What being abroad taught me about drinking

From CLE to Cape Town

Heather O'Keeffe

My past weekend in Cape Town was marked by the celebration of two 21st birthdays. Each birthday girl was American and each tried their hardest to celebrate the occasion as if they were back in the States. One girl even hunted down red solo cups for the evening’s festivities.

While we tried to keep turning 21 a big deal, in reality it wasn’t. The drinking age in South Africa, like much of the world, is 18. So turning 21 in South Africa is like turning 19, there is no milestone involved besides the celebration of another year.

In high school I studied abroad in Australia and turned 18, which meant for a few months I was above the minimum legal drinking age. Now, at 20 in South Africa, I will be above age during the entirety of my stay. All in all I will have spent nearly 1.5 years above the minimum drinking age before I turn 21.

This unique situation has offered a reflection of the often-debated topic amongst adolescents: Should the minimum legal drinking age in the U.S. remain at 21 or should it be dropped back down to 18?

For many Americans in Cape Town their drinking habits have changed: they drink more often but drink less when they do. Since arriving in Cape Town, my habits have definitely differed and many of my friends here have noticed similar changes. Here, I’m more likely to have a beer with dinner or try a cool cocktail and less likely to binge-drink.

In my eyes the core of the 18 vs. 21 arguments is not the consumption of alcohol but the manner and quantity of which it is consumed. If the minimum legal drinking age is lowered to 18, will more immature college freshmen drink copious amount of alcohol, putting themselves and others at risk?

Many females at CWRU hardly spend any money on alcohol. Some guys are too chivalrous to ask girls to pitch in money and many are eager to have more ladies than guys at their party. In contrast, Cape Town bouncers and bartenders don’t care if you wear a bra or boxers: Everyone pays the cover and the price on the menu is the price you pay. It’s a lot harder to live indulgently when your wallet is getting lighter. It only takes a couple nights with just a few coins remaining in your wallet to set the road straight. Going to bars and clubs is expensive; between taxis, covers and drinks I can’t afford to get out of control (and South Africa is a relatively cheap country!).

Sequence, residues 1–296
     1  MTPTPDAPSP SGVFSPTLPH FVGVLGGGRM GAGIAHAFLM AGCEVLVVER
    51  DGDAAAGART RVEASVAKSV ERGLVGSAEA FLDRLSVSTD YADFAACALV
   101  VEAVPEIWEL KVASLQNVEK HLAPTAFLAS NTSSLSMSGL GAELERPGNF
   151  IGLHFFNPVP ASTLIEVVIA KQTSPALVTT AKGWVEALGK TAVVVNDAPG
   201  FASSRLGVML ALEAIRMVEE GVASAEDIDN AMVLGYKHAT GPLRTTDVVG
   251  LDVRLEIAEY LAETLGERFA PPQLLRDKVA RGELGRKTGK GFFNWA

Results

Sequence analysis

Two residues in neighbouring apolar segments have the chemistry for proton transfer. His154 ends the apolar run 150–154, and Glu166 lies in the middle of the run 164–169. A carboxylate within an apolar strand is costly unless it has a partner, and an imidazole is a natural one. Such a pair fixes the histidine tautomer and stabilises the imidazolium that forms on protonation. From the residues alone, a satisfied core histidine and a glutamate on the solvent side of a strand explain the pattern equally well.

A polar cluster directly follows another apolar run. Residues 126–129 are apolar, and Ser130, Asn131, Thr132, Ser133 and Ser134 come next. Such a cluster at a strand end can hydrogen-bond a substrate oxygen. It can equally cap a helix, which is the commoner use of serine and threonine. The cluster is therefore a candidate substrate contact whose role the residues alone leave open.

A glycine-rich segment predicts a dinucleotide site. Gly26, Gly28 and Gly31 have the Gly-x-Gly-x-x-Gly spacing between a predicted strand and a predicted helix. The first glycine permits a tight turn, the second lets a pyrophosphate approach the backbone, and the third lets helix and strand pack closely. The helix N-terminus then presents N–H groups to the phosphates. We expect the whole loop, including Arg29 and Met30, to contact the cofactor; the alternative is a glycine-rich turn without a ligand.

Here, I feel less safe heavily drinking at clubs and bars. Maybe it’s the fact that being a female in South Africa after dark is not the safest situation, but I am conscientious of keeping my wits about me in new situations surrounded by strangers. As alcohol lessens inhibitions and impairs judgment, I feel more comfortable saying “screw it” at a friend’s house party or dorm. So when I do go downtown for the night here, I drink less because I have to spend more and also so I can control my night and have fun rather than put myself in a vulnerable position by drinking. In a lot of respects, ordering exactly what you want at a licensed establishment is also much safer than drinking a mysterious concoction at some party.

Cape Town has a vast public transport system, but one should never, ever use it after dark, ever. Instead everyone has several cab numbers programmed in their phones. Cabs are cheap in South Africa but Cleveland has a convenient public transport system, especially for CWRU students. If a cab is too steep, then the Healthline is perfect and free! Who needs drunk driving? I’ve never even considered it as an option and I would think many others of my generation think similarly, and I’m from Wisconsin, a state notorious for its laxity in regards to DUI’s.

Finally, I think it really is true that drinking isn’t as big of a deal in the rest of the world. Drinking is an unattainable fruit you’re only allowed to have when you’re 21. But rather than surviving years of teenage angst and waiting to come of age, young people find ladders and chainsaws to eat as much forbidden fruit as possible.

People will always want what they can’t have; lowering the drinking age won’t stop 17-year-olds from going through their parents’ liquor cabinet. But changing the legal age would allow 18-year-olds to be treated like adults, at least in this small way.

Being of age has by no means defined my time in Cape Town but trying craft beers and going to a wine festival certainly has been nice. Drinking is objective and situational: It depends on the person. We all know someone who refuses to try a drop until they are 21, and someone at a state school who goes hard three times a week. However, I reckon that no matter what the minimum legal drinking age is, at CWRU, “Club KSL” will still be busier than the Jolly Scholar on any given night of the week. But if the legal drinking age was lower in the U.S., maybe after a busy Tuesday of studying, roommates would share a bottle of wine rather than hold off until Saturday to break open a fifth.

Heather O’Keeffe is a second-year student studying biomedical engineering and sports medicine and studying at the University of Cape Town. She spent more time in the library at UCT studying for midterms than she has ever spent in her life at Club KSL; this statistic is very concerning to her.